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  1. The Brillouin instability (BI) due to stimulated Brillouin scattering (SBS) and the transverse (thermal) mode instability (TMI) due to stimulated thermal Rayleigh scattering (STRS) limit the achievable power in high-power lasers and amplifiers. The pump power threshold for BI increases as the core diameter increases, but the threshold for TMI may decrease as the core diameter increases. In this paper, we use a multi-time-scale approach to simultaneously model BI and TMI, which gives us the ability to find the fiber diameter with the highest power threshold. We formulate the equations to compare the thresholds of the combined and individual TMI and BI models. At the pump power threshold and below, there is a negligible difference between the full and individual models, as BI and TMI are not strong enough to interact with each other. The highest pump threshold occurs at the optimal core size of 43µm for the simple double-clad geometry that we considered. We found that both effects contribute equally to the threshold, and the full BI and TMI model yields a similar threshold as the BI or TMI model alone. However, once the reflectivity is sufficiently large, we find in the full BI and TMI model thatmore »BI may trigger TMI and reduce the TMI threshold to a value lower than is predicted in simulations with TMI alone. This result cannot be predicted by models that consider BI and TMI separately. Our approach can be extended to more complex geometries and used for their optimization.

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  2. Abstract

    We have investigated the collective electronic and magnetic orderings of a series of La1−xSrxMnO3thin films grown epitaxially strained to (001) oriented strontium titanate substrates as a function of doping,x, for 0 ≤x≤ 0.4. We find that the ground states of these crystalline thin films are, in general, consistent with that observed in bulk crystals and thin film samples synthesized under a multitude of techniques. Our systematic study, however, reveal subtle features in the temperature dependent electronic transport and magnetization measurements, which presumably arise due to Jahn-Teller type distortions in the lattice for particular doping levels. For the parent compound LaMnO3(x= 0), we report evidence of a strain-induced ferromagnetic ordering in contrast to the antiferromagnetic ground state found in bulk crystals.

  3. Abstract Computer model calibration typically operates by fine-tuning parameter values in a computer model so that the model output faithfully predicts reality. By using performance targets in place of observed data, we show that calibration techniques can be repurposed for solving multi-objective design problems. Our approach allows us to consider all relevant sources of uncertainty as an integral part of the design process. We demonstrate our proposed approach through both simulation and fine-tuning material design settings to meet performance targets for a wind turbine blade.
  4. null (Ed.)
    Abstract Calibration of computer models and the use of those design models are two activities traditionally carried out separately. This paper generalizes existing Bayesian inverse analysis approaches for computer model calibration to present a methodology combining calibration and design in a unified Bayesian framework. This provides a computationally efficient means to undertake both tasks while quantifying all relevant sources of uncertainty. Specifically, compared with the traditional approach of design using parameter estimates from previously completed model calibration, this generalized framework inherently includes uncertainty from the calibration process in the design procedure. We demonstrate our approach to the design of a vibration isolation system. We also demonstrate how, when adaptive sampling of the phenomenon of interest is possible, the proposed framework may select new sampling locations using both available real observations and the computer model. This is especially useful when a misspecified model fails to reflect that the calibration parameter is functionally dependent upon the design inputs to be optimized.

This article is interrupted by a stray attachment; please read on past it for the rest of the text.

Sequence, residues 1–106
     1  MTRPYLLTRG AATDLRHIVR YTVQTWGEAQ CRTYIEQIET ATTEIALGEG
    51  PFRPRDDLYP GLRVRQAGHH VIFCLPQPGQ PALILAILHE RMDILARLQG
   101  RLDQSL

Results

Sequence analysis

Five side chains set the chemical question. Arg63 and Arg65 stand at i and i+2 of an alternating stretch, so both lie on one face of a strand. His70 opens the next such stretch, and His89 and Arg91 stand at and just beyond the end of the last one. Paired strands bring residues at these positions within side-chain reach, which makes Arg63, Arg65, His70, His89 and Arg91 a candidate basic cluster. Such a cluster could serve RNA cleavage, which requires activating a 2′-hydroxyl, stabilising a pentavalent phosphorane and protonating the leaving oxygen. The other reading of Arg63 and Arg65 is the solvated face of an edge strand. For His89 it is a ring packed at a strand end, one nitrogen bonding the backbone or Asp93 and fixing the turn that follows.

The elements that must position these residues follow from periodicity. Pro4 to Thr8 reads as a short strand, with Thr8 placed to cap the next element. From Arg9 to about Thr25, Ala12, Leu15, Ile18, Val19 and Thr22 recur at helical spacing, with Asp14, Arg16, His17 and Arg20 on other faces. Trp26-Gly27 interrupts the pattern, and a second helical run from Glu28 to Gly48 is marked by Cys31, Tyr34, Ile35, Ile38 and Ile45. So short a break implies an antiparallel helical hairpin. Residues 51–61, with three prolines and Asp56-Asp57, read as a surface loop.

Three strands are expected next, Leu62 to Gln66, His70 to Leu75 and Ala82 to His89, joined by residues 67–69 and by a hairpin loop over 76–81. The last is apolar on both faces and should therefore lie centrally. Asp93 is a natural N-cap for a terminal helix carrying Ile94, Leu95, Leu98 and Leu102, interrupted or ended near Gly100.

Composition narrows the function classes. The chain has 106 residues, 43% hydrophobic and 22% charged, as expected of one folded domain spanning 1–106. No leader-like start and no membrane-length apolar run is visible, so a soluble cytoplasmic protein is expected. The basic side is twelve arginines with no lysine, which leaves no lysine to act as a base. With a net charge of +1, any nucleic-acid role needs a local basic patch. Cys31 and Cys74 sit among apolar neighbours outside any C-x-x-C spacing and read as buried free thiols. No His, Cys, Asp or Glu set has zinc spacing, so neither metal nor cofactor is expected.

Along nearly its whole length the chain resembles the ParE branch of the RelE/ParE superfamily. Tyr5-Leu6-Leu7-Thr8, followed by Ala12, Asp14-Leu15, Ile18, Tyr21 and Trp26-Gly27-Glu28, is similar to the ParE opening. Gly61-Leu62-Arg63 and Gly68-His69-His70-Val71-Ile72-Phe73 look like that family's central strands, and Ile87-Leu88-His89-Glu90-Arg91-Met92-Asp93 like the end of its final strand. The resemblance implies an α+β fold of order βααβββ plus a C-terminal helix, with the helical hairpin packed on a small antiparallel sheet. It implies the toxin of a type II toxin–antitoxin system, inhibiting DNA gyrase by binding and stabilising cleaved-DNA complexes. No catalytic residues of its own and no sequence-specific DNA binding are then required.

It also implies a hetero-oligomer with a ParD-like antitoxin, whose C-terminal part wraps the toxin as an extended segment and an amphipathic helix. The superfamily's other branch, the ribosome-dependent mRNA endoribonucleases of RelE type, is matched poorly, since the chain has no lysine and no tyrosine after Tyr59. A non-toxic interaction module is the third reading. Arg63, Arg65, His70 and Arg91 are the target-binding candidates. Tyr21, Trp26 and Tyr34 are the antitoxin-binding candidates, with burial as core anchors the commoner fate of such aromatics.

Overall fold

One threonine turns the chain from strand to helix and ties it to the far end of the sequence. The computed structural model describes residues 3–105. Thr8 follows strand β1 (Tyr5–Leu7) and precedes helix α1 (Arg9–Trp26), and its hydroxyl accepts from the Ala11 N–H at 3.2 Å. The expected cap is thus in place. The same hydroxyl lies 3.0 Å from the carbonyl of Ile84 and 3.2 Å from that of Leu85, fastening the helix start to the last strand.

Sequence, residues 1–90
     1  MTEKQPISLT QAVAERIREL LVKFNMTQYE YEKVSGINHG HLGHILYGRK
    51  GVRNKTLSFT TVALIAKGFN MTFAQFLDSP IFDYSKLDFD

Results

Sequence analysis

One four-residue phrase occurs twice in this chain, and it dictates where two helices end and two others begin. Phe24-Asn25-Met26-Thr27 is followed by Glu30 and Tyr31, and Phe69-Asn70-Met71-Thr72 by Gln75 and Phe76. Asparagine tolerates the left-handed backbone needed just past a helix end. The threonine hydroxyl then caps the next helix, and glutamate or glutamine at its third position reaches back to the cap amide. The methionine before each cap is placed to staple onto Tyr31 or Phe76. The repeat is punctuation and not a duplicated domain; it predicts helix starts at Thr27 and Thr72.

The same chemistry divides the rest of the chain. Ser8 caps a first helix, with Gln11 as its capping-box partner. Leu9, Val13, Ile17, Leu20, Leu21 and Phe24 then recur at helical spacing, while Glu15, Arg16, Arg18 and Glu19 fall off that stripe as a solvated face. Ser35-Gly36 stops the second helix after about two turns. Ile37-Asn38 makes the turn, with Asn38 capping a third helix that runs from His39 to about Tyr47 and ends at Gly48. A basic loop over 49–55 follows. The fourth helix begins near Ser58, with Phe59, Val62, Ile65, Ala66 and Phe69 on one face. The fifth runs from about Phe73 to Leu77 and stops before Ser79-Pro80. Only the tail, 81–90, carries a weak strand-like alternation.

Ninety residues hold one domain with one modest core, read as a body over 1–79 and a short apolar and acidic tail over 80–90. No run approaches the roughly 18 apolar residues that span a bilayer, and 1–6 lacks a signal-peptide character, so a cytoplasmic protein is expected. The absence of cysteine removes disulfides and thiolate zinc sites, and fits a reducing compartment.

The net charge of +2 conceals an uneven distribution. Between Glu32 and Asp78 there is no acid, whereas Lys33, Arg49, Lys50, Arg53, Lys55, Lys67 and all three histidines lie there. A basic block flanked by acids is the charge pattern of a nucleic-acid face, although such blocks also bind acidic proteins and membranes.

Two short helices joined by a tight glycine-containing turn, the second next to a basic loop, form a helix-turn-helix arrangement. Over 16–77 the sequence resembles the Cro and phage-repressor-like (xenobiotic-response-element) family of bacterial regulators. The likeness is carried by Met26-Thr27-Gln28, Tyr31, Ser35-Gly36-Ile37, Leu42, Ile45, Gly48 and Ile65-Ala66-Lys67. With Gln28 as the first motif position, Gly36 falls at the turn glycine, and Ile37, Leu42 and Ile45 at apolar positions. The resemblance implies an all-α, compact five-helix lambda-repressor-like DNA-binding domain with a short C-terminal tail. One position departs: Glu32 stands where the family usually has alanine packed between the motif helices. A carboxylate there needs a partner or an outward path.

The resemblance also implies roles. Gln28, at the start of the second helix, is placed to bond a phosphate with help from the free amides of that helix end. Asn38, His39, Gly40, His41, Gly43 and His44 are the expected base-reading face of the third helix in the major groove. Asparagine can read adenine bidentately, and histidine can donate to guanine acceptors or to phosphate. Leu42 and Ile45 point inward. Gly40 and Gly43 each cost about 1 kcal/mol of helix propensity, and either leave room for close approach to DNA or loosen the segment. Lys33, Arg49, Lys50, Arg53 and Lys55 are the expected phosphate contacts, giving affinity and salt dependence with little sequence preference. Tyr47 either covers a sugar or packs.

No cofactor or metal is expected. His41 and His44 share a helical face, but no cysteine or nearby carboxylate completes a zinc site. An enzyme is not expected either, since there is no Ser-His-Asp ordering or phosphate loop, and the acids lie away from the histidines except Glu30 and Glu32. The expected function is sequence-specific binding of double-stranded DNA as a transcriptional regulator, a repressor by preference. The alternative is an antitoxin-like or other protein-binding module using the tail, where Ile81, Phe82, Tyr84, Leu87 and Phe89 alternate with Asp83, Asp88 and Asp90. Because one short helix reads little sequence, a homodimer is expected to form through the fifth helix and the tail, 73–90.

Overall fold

5. This paper considers the problem of tracking and predicting dynamical processes with model switching. The classical approach to this problem has been to use an interacting multiple model (IMM) which uses multiple Kalman filters and an auxiliary system to estimate the posterior probability of each model given the observations. More recently, data-driven approaches such as recurrent neural networks (RNNs) have been used for tracking and prediction in a variety of settings. An advantage of data-driven approaches like the RNN is that they can be trained to provide good performance even when the underlying dynamic models are unknown. This paper studies the use of temporal convolutional networks (TCNs) in this setting since TCNs are also data-driven but have certain structural advantages over RNNs. Numerical simulations demonstrate that a TCN matches or exceeds the performance of an IMM and other classical tracking methods in two specific settings with model switching: (i) a Gilbert-Elliott burst noise communication channel that switches between two different modes, each modeled as a linear system, and (ii) a maneuvering target tracking scenario where the target switches between a linear constant velocity mode and a nonlinear coordinated turn mode. In particular, the results show that the TCN tends tomore »identify a mode switch as fast or faster than an IMM and that, in some cases, the TCN can perform almost as well as an omniscient Kalman filter with perfect knowledge of the current mode of the dynamical system.« less